Recently named winner of both the Costa Novel award and Goldsmiths Prize for boldly original fiction, Smith has established herself as a pioneer of form; fearlessly pushing the boundaries of the novel with a deftness and accessibility that has earned her a reputation for being both vitally inventive and scrupulously playful.
Over the three-week Festival - which runs from 2-24 May 2015 - many of Ali Smith's ideas, interests and passions will be explored in a programme which spans music, theatre, dance, visual art, film, literature and debate.
Ali Smith says: "It's tremendously exciting to have been asked to help programme the 2015 Brighton Festival.
"I'm delighted and honoured – what a gift, to be asked to do this, imagine – the biggest international multi-arts spectacular in England.
"I've always loved Brighton's sense of fun and friendliness, its vibrant open-mindedness, the way it opens to sky, the way the rest of Europe is so close it's almost visible. It's a city that's always known how to live on the edge, a place full of endless energy, argument, possibilities, light.
"No matter the wildness or mildness of the weather, no matter the zigzag of zeitgeist elsewhere north or south of it, Brighton is always itself, and always uniquely welcoming."
The events come from a wide range of national and international companies and artists; from a rare UK visit by 86-year-old legendary film maker and artist Agnès Varda to rising stars Kate Tempest, George the Poet and Hollie McNish.
With three central themes at its heart - Art and Nature, the Crossing Places between art forms, and Taking Liberty - this year's Brighton Festival challenges visitors to look again, featuring an eye-opening array of artists and performers with the power to deliver the world we think we know to us re-seen, renewed, with a visionary twist in the tale.
Posing questions about whether life imitates art or art imitates life, Art and Nature is explored in a host of events including an exclusive nightingale walk, with Mercury-nominated folk singer Sam Lee.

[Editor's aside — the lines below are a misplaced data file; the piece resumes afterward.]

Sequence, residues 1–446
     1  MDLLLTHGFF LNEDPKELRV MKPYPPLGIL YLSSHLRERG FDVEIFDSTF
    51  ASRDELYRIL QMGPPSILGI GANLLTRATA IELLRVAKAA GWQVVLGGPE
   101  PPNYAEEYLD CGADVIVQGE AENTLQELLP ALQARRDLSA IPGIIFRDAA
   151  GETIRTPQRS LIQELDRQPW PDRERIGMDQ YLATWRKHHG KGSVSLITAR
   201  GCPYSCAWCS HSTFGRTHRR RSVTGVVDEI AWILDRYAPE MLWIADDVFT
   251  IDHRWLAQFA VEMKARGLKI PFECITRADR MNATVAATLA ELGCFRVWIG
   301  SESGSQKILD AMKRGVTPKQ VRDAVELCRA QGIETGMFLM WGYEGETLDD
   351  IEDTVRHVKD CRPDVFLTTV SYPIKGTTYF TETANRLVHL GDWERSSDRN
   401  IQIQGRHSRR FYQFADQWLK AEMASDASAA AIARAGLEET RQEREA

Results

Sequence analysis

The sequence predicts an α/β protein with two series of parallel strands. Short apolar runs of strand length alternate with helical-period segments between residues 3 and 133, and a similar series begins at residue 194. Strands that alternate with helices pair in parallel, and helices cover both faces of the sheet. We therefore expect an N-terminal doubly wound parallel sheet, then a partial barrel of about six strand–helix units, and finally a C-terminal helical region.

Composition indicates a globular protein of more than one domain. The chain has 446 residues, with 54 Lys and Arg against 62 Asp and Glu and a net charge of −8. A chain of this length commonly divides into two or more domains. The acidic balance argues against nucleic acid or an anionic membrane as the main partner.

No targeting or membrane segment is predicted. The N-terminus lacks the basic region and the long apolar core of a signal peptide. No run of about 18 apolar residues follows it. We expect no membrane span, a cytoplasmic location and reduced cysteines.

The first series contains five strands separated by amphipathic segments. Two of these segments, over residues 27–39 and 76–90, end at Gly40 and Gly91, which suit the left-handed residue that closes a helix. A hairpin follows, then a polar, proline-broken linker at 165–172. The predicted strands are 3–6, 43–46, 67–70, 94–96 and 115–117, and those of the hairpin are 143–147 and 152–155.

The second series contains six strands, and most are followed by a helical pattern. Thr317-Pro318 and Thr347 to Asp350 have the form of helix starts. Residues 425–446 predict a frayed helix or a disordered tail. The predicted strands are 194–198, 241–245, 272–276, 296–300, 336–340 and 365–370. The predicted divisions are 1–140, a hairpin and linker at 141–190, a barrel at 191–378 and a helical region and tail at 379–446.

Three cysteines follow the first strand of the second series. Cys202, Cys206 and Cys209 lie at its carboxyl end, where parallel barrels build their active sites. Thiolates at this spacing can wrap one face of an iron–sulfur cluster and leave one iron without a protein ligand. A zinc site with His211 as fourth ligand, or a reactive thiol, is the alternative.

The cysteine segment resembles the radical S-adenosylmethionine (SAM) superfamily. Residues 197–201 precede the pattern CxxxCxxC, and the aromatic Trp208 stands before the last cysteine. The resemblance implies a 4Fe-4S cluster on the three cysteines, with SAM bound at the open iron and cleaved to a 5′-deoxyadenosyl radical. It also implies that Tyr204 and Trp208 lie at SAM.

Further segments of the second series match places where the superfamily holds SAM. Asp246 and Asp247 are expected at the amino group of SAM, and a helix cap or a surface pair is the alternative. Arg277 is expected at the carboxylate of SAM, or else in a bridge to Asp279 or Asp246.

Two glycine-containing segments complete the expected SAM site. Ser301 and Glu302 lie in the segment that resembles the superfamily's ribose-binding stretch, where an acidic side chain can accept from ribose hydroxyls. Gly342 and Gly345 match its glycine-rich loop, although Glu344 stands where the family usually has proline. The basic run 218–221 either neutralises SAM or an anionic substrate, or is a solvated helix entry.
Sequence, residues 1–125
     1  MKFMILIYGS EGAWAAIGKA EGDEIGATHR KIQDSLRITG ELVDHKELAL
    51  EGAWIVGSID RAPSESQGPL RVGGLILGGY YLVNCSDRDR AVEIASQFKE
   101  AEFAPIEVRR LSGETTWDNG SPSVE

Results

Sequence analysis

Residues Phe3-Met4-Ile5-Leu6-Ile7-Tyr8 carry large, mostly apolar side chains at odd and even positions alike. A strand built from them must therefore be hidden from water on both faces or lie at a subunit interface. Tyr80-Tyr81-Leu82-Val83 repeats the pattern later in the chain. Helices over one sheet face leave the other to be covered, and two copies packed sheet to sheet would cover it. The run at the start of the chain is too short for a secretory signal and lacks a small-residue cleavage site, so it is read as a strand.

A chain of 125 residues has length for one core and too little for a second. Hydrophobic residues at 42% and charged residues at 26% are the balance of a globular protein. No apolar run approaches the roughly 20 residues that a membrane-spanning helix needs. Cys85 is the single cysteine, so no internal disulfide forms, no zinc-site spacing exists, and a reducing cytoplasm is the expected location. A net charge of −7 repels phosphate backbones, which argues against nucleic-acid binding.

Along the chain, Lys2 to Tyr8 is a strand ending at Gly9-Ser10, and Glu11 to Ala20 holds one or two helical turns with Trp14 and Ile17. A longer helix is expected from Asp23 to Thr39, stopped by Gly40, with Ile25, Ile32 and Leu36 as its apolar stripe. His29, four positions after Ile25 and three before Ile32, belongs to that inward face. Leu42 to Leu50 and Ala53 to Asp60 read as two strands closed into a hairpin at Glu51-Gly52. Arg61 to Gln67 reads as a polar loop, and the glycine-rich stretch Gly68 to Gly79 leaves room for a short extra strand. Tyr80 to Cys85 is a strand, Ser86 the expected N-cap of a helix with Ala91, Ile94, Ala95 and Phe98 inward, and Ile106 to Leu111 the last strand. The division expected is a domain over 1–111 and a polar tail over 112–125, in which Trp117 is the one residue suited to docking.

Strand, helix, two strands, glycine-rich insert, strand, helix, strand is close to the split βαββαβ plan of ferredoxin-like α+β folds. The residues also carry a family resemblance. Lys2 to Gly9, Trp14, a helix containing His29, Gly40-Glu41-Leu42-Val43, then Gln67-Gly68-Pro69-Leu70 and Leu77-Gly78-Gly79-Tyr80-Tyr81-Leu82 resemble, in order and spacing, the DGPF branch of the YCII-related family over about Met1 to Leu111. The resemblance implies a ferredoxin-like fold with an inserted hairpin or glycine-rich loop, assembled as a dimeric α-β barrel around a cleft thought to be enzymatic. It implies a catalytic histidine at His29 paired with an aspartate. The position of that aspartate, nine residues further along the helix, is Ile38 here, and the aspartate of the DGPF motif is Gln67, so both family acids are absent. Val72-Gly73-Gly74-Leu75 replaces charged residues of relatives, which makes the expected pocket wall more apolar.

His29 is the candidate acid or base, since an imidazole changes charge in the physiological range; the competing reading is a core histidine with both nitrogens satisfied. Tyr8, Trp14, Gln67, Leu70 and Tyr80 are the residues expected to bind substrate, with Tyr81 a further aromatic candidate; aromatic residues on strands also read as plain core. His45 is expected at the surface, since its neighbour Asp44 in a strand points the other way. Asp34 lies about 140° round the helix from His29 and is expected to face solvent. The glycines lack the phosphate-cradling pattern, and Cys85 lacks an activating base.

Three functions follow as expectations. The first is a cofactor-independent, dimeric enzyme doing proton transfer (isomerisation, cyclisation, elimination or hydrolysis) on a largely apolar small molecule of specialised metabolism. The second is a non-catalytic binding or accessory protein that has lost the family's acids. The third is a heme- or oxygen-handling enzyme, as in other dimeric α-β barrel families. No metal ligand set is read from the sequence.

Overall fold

Also there's an immersive multi-screen film installation of Marcus Coates' entitled Dawn Chorus, featuring singers who uncannily recreate birdsong and bird movement; a discussion of the urgent conservation issues that face us today with celebrated author and bird enthusiast Margaret Atwood and her partner and fellow writer Graeme Gibson; and Fleeting, an outdoor spectacular over the West Pier by And Now, in which hundreds of individual points of fire create shapes and swathes of glowing light and shade.
Central to the programme is the notion of Crossing Places - where poetry meets music meets theatre meets dance – from works that defy categorisation such as The Measure of All Things, a new live cinema performance by Academy Award-nominated filmmaker Sam Green.
Claudia Molitor's part installation part performance Vast White Stillness in the maze of tunnels beneath the Old Ship Hotel.
In Being Both, acclaimed mezzo soprano Alice Coote, English Concert's Harry Bicketand Susannah Waters stage a theatrical journey into the heart of Handel's sublime vocal music, which, in a nod to Smith's own prize-winning work How to Be Both, explores and challenges the experience and perception of gender.
Set against the backdrop of the General Election, Liberty, equality and freedom is celebrated in all its shapes in an astonishing cutting-edge line-up of artists, performers, thinkers and commentators - all contemporary game changers in their chosen forms.
These include Liberty Director and author Shami Chakrabati who hosts an evening in celebration of the Human Rights Act featuring a dazzling collection of writers and performers such as Billy Bragg, Neil Bartlett, Rachel Holmes and Jackie Kay.
Tony award-winning playwright Richard Nelson who brings the European premiere of his highly acclaimed four play cycle The Apple Family Plays from The Public Theater, New York; award-winning Pakistani/British author Kamila Shamsie; celebrated Russian-American journalist, author and activist Masha Gessen, Turkish writer Elif Shafak and Turner Prize nominated artist Nathan Coley, whose new commission Portraits of Dissension explore ideas of unrest, edge and shift, space and occupation.
Other highlights include Peter Strickland's daring masterpiece The Duke of Burgundy accompanied by a one-off live performance of its seductive score by Cat's Eyes - the collaborative project of The Horrors' frontman Faris Badwan and Italian-Canadian singer and composer Rachel Zeffira.
A new lecture specially commissioned for Brighton Festival by acclaimed author Jeanette Winterson OBE on the practices and craft of writing.